In contrast, introverted feeling relies on the value system that is oriented inwards, towards ourselves. A common misunderstanding here would be that using such a function could make us selfish or self-centred, which I suppose would be true in very negative cases. However, in a general sense, Fi helps us to define ourselves accordingly to how we feel, what we believe in, and how the environment influences us – in contrast to Fe which focuses on how one influences the environment.
So, in short – Fe is about a value system that is oriented towards human kind as a whole, whereas Fi is about personal values and meaning. Which one do you identify with more?
Cognitive functions, however, are not solely based on raw feelings and emotions. Feeling function, despite its name suggesting a connection with feelings, primarily serves as a vehicle enabling us to define our values and act upon them in everyday life. Following our values can of course make us emotional, especially if we perceive an offence to our value system, but if we know how to use this evaluation process to our advantage – in a mature and patient way, we will be able to gain an important ally on our journey of self-actualization.
What makes us emotional?
Since our feelings and emotions serve as a representative of our value system, often guarding it as if everything depended on it, it might be very easy to let this cognitive system dominate our lives so that every challenge to what we believe is right would overwhelm us with a stream of emotions.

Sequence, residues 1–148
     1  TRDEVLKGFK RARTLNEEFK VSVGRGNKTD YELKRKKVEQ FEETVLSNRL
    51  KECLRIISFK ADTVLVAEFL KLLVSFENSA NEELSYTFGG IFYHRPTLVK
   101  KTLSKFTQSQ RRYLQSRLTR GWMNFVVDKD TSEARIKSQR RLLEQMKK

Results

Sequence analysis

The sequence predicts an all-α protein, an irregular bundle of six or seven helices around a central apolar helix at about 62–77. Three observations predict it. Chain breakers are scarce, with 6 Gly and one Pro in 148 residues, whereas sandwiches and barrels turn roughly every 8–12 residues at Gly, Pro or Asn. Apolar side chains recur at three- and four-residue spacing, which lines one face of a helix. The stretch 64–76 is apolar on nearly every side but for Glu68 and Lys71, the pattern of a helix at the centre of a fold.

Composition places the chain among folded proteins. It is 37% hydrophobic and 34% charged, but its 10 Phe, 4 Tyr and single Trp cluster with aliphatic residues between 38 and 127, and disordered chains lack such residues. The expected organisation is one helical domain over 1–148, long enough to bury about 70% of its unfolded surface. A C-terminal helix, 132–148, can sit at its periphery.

If you take a closer look at when your feelings arise, you will notice it happening precisely in a situation where you are feeling either offended or appraised. In other words, when our values are challenged or dismissed, our feelings and emotions (which guard and are a part of our value system) will arise. The same will happen if our values are appraised, validated, or approved. By understanding this process, it is much easier to distance ourselves from our feeling and emotions – they are not everything that we have and they do not control our lives. They are important, but not all-important.
The same could be said about feelings which we find uncomfortable or even overwhelming. Because they play a very important part in how we function and make decisions, they shouldn't be entirely dismissed or ignored as it usually only creates more problems – such as inability to know what one wants, struggling to relate and empathise with others, feeling stuck or blocked, and lacking genuine and authentic self-expression. Rather, they should be questioned and evaluated in order to find out which one of our values has been ignored, offended, or totally forgotten. When we can't live up to our values, perhaps it's time to either change them or change our actions in order to achieve that congruence that Carl Rogers has been talking about?
If we also take a look at this process from another perspective, the more attached you are to your values, the bigger emotional responses you will experience when your values are being triggered or placed in a spotlight. The attachment to our values can be valuable when we are being certain about the correctness of them. Taken to an extreme, however, could make us blind to new opportunities or even, manifest itself as an obstacle to our adaptation to novel circumstances – which is a necessary skill to possess if we take our growth seriously. Such individuals who are overly-attached and quite obsessive about their values are usually perceived as inflexible, rigid, and lacking creativity. Self-actualization in such cases is rarely possible due to the limiting forces of our blind attachment to values which no longer work.